As the search for the missing Titanic submersible intensifies, there have been reports of ‘noises’ coming from its last known location.
In a press conference earlier today (21 June), a US Coast Guard spokesperson revealed he ‘doesn’t know’ what the sound was.
However, Captain Jamie Frederick did state that people ‘need to have hope’ as the aquatic vessel’s air supply begins to dwindle.
Known as The Titan, the small submersible went missing on Sunday during a routine trip to visit the wreck of the Titanic.
Before its disappearance, the OceanGate vehicle had an estimated 96 hours' worth of oxygen onboard – more than enough for the 10-hour trip.
Diving to incredible depths in the Atlantic Ocean, the sub contained five passengers, including British billionaire Hamish Harding, and French explorer Paul-Henry Nargeolet.
Also onboard was OceanGate’s CEO Stockton Rush.
While rescue teams continue their search, there were reports of ‘banging’ being heard close to the vessel's last known location on Tuesday night.
They were first heard by a Canadian plane this morning and are the first possible clue in the rescue mission.
This could drastically reduce the search for the missing sub, however, experts have been unable to pinpoint what the sounds are.
At a press conference earlier today, the US Coast Guard confirmed that they were still unsure about the ‘banging’.
Captain Frederick told the press: "We don't know what [the noises] are, to be frank with you."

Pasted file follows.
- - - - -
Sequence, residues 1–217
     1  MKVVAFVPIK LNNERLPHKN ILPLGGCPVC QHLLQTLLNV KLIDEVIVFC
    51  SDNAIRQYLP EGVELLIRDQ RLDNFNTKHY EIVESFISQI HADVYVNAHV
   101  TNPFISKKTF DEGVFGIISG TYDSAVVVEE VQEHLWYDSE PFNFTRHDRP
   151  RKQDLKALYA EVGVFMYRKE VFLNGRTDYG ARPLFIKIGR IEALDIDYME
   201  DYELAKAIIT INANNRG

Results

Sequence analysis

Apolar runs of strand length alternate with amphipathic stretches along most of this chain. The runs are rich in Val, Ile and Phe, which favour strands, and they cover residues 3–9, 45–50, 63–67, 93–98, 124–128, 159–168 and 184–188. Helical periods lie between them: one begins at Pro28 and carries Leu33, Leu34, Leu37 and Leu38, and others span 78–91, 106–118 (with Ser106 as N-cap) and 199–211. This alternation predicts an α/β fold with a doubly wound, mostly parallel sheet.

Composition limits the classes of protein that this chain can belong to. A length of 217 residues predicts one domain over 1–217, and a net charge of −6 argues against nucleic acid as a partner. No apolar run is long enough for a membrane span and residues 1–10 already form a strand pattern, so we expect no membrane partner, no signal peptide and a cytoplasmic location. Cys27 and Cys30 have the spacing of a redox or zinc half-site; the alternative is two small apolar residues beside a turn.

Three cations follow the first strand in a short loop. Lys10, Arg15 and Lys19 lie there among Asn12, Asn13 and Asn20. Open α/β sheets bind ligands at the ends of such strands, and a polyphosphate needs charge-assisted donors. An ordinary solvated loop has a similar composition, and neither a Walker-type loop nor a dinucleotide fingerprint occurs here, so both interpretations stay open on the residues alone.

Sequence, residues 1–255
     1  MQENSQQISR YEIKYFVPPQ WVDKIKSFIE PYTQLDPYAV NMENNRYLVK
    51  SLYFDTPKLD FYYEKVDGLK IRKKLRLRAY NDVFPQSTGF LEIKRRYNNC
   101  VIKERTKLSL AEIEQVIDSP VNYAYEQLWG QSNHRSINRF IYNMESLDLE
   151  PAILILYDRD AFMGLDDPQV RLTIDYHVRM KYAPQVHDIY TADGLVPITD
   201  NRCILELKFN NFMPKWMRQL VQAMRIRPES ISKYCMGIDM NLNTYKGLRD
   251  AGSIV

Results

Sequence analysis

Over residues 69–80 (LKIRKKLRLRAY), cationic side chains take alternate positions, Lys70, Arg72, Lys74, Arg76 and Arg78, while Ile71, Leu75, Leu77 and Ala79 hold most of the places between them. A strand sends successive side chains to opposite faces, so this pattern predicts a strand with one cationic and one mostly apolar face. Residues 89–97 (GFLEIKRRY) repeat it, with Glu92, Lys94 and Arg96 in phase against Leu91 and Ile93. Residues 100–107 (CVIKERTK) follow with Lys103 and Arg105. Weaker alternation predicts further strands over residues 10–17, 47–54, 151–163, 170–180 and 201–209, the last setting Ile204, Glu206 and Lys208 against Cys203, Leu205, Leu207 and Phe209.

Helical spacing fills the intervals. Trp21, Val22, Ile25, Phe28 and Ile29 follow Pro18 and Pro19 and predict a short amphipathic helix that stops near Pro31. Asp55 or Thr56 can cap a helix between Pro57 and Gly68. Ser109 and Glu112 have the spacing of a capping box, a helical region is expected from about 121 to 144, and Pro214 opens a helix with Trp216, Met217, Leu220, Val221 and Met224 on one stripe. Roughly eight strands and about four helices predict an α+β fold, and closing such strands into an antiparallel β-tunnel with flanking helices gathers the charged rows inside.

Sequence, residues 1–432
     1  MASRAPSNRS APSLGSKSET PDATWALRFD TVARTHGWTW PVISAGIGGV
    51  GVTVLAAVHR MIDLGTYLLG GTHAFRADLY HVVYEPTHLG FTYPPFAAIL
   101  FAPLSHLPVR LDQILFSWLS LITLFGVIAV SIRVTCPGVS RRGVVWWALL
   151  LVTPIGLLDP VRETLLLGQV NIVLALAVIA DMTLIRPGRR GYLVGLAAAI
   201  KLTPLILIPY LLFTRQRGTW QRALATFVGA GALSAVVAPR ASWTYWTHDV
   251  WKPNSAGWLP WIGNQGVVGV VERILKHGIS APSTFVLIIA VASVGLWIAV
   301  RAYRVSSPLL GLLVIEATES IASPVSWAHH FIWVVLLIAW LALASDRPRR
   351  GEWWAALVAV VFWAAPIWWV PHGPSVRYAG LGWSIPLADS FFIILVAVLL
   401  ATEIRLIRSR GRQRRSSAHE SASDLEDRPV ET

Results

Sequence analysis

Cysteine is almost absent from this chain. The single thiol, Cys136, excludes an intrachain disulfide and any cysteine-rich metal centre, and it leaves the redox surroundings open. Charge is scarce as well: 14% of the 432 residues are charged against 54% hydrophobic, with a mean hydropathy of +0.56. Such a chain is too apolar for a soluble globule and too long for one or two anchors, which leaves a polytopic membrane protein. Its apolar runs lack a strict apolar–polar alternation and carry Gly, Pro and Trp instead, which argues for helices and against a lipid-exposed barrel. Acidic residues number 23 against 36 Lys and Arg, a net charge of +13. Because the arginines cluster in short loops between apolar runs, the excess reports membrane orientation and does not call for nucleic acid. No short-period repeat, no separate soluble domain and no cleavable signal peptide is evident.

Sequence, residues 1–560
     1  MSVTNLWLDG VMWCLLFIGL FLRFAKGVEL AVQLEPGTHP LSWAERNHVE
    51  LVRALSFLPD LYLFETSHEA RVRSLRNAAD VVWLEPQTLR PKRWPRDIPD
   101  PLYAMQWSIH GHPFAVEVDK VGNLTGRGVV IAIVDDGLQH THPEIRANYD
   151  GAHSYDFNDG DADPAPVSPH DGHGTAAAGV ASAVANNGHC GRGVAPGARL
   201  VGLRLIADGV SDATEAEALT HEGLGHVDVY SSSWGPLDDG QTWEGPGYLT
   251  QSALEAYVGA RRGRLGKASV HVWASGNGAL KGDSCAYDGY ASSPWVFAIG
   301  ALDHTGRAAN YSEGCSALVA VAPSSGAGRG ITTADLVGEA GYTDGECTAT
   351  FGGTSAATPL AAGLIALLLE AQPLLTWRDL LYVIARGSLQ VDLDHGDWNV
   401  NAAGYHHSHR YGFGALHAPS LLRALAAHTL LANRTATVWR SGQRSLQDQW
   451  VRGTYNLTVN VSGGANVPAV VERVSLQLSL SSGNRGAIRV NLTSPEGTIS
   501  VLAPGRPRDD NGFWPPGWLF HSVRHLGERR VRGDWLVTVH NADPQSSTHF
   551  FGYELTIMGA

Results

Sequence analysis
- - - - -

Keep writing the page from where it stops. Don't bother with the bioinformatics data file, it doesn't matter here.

"We're searching in the area where the noises were detected," he then added, insisting that they ‘need to have hope’.
He also revealed that additional search tools would be arriving tomorrow to assist with the extensive search.
A French submersible robot named Victor 6000 is being rushed to the area and is due to arrive Wednesday evening local time, with the device being able to dive to depths of 6,000 meters.
However, it’s expected that the missing Titan sub will run out of air on Thursday – leaving little time to find the missing vessel.
"Our efforts are solely focused on search," said Captain Frederick: "This is a search and rescue operation - 100%."
Back in 2019, crew member Paul-Henry Nargeolet warned of the real danger facing those diving to such depths:
"If you are 11m or 11km down, if something bad happens, the result is the same," he told the Irish Examiner, adding: "When you’re in very deep water, you’re dead before you realise that something is happening, so it’s just not a problem."Featured Image Credit: Twitter/ @Reuters/ American Photo Archive/Alamy
Topics: World News